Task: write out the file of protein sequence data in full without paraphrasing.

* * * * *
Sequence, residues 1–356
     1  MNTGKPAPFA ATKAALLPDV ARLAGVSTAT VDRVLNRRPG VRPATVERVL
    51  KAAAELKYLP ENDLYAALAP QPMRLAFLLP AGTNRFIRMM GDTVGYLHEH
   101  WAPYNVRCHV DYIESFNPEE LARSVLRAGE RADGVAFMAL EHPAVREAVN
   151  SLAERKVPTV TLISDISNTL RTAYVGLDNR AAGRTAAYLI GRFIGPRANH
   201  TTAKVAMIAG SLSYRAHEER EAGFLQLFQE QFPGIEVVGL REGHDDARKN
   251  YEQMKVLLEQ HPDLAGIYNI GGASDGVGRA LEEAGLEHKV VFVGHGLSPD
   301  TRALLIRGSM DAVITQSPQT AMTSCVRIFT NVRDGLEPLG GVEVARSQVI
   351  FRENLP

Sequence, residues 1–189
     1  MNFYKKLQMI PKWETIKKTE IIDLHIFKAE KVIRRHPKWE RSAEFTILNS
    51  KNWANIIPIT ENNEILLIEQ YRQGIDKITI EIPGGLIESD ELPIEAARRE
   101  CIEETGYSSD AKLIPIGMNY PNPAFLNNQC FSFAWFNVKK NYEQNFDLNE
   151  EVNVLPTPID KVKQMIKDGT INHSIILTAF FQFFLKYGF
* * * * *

Sequence, residues 1–356
     1  MNTGKPAPFA ATKAALLPDV ARLAGVSTAT VDRVLNRRPG VRPATVERVL
    51  KAAAELKYLP ENDLYAALAP QPMRLAFLLP AGTNRFIRMM GDTVGYLHEH
   101  WAPYNVRCHV DYIESFNPEE LARSVLRAGE RADGVAFMAL EHPAVREAVN
   151  SLAERKVPTV TLISDISNTL RTAYVGLDNR AAGRTAAYLI GRFIGPRANH
   201  TTAKVAMIAG SLSYRAHEER EAGFLQLFQE QFPGIEVVGL REGHDDARKN
   251  YEQMKVLLEQ HPDLAGIYNI GGASDGVGRA LEEAGLEHKV VFVGHGLSPD
   301  TRALLIRGSM DAVITQSPQT AMTSCVRIFT NVRDGLEPLG GVEVARSQVI
   351  FRENLP

Sequence, residues 1–189
     1  MNFYKKLQMI PKWETIKKTE IIDLHIFKAE KVIRRHPKWE RSAEFTILNS
    51  KNWANIIPIT ENNEILLIEQ YRQGIDKITI EIPGGLIESD ELPIEAARRE
   101  CIEETGYSSD AKLIPIGMNY PNPAFLNNQC FSFAWFNVKK NYEQNFDLNE
   151  EVNVLPTPID KVKQMIKDGT INHSIILTAF FQFFLKYGF